Clearly, these low tax rates have given Nevada and New Jersey a tremendous advantage in the competition for gaming-related capital investment, and that advantage is a strong argument for keeping gaming privilege taxes low in those states. But these low tax rates do more than attract investment capital – they make larger, more diverse gaming facilities possible. These full-service resorts contribute more to the economy than machine-only facilities can, but the capital investment necessary to develop them simply isn’t feasible if tax rates are too high.
Christiansen goes on to show how invested capital creates gaming industry jobs and that, as gaming privilege tax rates rise, gaming-related employment falls. The extraordinarily high tax rate set by legislators in New York has led to the state being unable to attract the capital needed to refurbish the two metropolitan area racetracks designated for machine operations in 2001. As a result, the jobs and tax revenues New York anticipated have not materialized.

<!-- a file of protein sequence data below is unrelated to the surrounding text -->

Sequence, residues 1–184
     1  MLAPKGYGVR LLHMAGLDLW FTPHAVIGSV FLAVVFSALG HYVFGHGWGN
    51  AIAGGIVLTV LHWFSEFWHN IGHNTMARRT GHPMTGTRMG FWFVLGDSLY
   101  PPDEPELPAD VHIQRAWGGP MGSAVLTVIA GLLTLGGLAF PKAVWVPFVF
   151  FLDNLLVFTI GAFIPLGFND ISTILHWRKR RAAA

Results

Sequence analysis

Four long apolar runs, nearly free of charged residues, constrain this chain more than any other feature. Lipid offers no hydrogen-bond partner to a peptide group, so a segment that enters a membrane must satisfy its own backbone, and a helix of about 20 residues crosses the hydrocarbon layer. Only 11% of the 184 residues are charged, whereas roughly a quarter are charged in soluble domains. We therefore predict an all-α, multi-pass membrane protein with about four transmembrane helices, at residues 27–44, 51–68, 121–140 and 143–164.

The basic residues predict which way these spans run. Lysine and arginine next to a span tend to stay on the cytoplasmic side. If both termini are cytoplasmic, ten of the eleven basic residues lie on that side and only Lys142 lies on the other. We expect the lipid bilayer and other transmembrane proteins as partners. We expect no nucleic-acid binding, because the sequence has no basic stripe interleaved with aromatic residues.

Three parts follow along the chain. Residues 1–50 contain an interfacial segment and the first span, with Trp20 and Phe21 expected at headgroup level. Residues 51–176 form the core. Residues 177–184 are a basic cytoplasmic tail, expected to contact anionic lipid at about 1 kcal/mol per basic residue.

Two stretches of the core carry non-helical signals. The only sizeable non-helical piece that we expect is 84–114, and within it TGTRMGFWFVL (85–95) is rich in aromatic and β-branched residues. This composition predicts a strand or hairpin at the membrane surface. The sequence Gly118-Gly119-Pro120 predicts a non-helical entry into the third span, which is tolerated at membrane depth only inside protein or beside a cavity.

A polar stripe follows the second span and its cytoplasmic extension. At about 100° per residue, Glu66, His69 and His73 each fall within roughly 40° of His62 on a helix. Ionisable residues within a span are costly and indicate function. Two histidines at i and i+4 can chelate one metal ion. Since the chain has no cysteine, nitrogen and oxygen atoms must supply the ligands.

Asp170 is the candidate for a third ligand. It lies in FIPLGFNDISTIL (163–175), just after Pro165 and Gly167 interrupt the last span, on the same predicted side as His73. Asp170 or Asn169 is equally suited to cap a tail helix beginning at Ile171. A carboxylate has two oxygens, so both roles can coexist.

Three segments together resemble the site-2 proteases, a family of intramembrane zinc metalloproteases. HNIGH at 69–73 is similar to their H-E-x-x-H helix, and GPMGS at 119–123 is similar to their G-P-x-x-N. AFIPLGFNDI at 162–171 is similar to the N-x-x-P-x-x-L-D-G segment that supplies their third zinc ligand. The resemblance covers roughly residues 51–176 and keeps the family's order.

Christiansen’s paper is a cautionary tale, one with which those of us in the industry are all too familiar. Lawmakers in newer gaming jurisdictions have been opting for higher tax rates, trading jobs and capital investment for short-term government revenues and quick fixes to looming budget crises. Even more troubling, Christiansen notes that today gaming privilege taxes are growing at a faster rate than the tax base. Since 1994, the average privilege tax for commercial casinos in the United States has increased by 60 percent – significantly higher than the rate of increase for gross gaming revenues over the same period.
Despite these new threats, the future of the U.S. commercial casino industry looks bright. Our industry is united and strong, and the AGA’s proven track record of protecting the interests of our member companies and their employees bodes well for our ability to meet the next challenges. I look forward to working with my colleagues in the gaming industry and government to address the next generation of issues affecting our business. I am confident our next 10 years will be just as fruitful as our last.